Emptiness is a poor long-term solution. Nature won’t stand for it.
The air around you isn’t empty, for the record. It’s chock-full of molecules built with oxygen and hydrogen and nitrogen and all sorts of atomic structures invisible to the naked eye, each one bouncing off the others, mixing, spreading, reacting, existing. Nature doesn’t mind that.
What nature hates is a vacuum. True emptiness. God designed the universe to maintain equal pressure whenever possible, and a vacuum upsets that balance by creating a pocket of low pressure. Left to its own devices, the universe will flood a vacuum with bits and pieces of itself until pressure has returned to normal. Vacuum cleaners and ceiling fans take advantage of that scientific principle by generating mostly empty spaces that air feels compelled to fill. A Thermos uses a sealed vacuum to keep hot things hot and cold things cold, because it turns out there’s no insulator quite like a gaping abyss. In fact, the only reason our entire atmosphere hasn’t been sucked into the inky vacuum of space is because the tremendous gravitational pull of the earth continues to keep it in check. Without it, our precious blue jewel of a planet would be looking awfully similar to the barren, inhospitable wasteland that is our moon.
But believe it or not, there’s an even scarier kind of vacuum, and it’s the kind you and I can create all too easily in our hearts.
After casting a demon out of a mute man, Christ gave this warning:
When an unclean spirit goes out of a man, he goes through dry places, seeking rest; and finding none, he says, ‘I will return to my house from which I came.’ And when he comes, he finds it swept and put in order. Then he goes and takes with him seven other spirits more wicked than himself, and they enter and dwell there; and the last state of that man is worse than the first.
Although it’s generally invisible to us, the spirit realm is an extremely active place. God’s Word gives us a couple glimpses into how it works, and Christ’s warning in Luke 11 is one of those glimpses. Unclean spirits—that is, demons—can take up residence within a person. To demons, a human being is like a house—a dwelling place in which to put up their feet and call home. But the most interesting thing about this glimpse into the spirit world is not how these unclean spirits view us; it’s what happens when they’re kicked out.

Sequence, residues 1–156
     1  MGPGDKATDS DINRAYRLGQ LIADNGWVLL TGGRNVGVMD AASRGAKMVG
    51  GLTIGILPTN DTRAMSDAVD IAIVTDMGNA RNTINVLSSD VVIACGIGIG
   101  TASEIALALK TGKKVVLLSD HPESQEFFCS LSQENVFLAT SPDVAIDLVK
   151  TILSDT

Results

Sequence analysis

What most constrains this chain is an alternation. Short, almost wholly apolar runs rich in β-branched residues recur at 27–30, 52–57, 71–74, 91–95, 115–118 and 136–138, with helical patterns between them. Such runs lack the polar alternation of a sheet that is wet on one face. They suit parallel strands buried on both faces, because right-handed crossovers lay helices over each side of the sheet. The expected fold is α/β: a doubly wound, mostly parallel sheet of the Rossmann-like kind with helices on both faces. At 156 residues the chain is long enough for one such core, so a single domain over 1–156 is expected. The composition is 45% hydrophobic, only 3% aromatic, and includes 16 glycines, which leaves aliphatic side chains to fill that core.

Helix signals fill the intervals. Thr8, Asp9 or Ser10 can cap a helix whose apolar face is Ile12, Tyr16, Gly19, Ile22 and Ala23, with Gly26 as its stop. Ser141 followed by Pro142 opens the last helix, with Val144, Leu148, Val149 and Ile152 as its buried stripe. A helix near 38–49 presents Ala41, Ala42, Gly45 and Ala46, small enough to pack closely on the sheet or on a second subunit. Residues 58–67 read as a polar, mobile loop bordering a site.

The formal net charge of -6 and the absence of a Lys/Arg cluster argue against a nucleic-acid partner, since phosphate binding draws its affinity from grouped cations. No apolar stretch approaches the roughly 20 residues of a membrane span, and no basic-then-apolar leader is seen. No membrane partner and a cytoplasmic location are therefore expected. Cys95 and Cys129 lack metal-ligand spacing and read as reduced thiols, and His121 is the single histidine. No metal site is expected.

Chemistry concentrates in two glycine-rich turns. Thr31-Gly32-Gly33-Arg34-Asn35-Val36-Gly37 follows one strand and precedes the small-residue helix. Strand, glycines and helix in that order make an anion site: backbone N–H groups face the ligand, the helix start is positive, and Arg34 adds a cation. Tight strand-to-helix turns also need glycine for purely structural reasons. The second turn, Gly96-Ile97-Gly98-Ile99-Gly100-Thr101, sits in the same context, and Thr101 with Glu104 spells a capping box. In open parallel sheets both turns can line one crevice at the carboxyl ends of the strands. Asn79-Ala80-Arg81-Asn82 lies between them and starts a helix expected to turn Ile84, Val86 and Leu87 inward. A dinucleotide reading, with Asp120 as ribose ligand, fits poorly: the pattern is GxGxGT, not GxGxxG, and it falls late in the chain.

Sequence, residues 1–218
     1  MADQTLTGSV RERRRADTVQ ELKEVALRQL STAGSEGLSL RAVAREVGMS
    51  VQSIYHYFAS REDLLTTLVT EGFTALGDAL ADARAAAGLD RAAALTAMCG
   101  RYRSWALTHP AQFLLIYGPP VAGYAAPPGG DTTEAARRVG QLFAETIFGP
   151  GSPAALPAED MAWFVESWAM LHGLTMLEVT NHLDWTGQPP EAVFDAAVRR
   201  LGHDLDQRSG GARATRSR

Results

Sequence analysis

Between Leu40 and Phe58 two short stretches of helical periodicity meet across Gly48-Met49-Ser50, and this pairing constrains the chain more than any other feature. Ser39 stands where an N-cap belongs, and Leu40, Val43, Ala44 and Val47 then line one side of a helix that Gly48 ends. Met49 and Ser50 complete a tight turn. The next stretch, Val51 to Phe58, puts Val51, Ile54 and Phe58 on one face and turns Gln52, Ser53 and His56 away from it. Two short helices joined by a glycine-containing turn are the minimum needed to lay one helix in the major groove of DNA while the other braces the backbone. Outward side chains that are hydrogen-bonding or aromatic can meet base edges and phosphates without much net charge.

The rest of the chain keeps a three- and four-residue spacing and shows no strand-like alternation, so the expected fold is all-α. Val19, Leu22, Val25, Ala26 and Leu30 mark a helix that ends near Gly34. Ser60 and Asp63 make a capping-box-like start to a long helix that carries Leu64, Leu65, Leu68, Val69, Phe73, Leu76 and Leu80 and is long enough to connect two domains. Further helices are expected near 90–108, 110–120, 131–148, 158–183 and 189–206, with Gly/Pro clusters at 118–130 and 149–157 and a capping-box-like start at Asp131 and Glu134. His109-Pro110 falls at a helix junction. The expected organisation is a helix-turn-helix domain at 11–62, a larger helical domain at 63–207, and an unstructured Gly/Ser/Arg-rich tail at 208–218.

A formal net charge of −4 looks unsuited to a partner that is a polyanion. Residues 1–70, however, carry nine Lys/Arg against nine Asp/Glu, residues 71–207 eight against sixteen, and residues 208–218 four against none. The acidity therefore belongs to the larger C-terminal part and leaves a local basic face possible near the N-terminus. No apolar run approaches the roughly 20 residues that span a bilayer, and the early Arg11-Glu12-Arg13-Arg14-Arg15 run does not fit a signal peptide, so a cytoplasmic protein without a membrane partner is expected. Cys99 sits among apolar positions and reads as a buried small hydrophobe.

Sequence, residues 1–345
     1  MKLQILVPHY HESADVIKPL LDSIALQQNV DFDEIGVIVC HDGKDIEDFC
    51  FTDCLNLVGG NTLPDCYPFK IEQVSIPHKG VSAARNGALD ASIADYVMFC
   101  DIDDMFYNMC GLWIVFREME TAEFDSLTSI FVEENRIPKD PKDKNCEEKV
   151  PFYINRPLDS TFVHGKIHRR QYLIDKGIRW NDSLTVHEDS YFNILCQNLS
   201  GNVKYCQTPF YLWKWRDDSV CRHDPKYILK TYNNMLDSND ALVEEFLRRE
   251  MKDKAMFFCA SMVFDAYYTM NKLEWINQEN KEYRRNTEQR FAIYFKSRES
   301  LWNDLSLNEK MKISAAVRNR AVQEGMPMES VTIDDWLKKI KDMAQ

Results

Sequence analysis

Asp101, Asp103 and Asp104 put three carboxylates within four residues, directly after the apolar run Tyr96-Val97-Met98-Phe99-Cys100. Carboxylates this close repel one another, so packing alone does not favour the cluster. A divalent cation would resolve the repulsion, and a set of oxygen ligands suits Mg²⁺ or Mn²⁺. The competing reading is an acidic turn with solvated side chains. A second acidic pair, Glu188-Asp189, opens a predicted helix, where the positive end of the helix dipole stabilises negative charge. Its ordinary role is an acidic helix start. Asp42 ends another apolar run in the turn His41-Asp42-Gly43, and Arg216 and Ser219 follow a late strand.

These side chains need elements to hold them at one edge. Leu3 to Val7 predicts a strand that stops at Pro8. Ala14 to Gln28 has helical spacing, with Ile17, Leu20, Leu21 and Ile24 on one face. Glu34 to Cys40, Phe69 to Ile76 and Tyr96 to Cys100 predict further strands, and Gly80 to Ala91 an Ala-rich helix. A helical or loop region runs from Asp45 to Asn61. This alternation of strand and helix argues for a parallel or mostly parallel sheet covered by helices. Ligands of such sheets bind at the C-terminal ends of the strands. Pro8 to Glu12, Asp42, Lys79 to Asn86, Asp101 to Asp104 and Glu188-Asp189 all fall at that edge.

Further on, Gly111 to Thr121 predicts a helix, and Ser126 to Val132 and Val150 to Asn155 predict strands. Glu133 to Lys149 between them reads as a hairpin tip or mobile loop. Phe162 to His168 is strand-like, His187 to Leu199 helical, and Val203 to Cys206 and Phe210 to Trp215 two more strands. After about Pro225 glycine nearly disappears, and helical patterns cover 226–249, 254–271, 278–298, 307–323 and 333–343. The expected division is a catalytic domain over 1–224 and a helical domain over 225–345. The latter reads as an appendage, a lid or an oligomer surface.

Jesus warned that an exorcised demon will try to return to the “home” from which he was evicted. In the example we’re given, a demon returns to find his home “swept and put in order”—clean, spotless, and empty. A spiritual vacuum, just waiting to be filled by the first thing that happens to be in the vicinity. In this example, that’s the demon and seven of his buddies, “and the last state of that man is worse than the first.”
Terrifying stuff, if you think about it. But a spiritual vacuum influences far more than just demonic activity—it has a huge impact on sin in general.
Have you ever found yourself stuck in a sin? Struggling over and over with a shortcoming you want desperately to be rid of, but that keeps sneaking its way back into your life anyway? We all have. I don’t know one person who’s immune to this vicious cycle—and it’s one of the most disheartening things a Christian has to face. There’s nothing more humiliating than finding yourself once again held captive by an ugly part of your life that you were sure you’d left in the past. We have the highest, loftiest calling in the world—how in the world can we ever become the men and women God called us to be if we can’t stop tripping over the sins of yesterday? Is it even possible?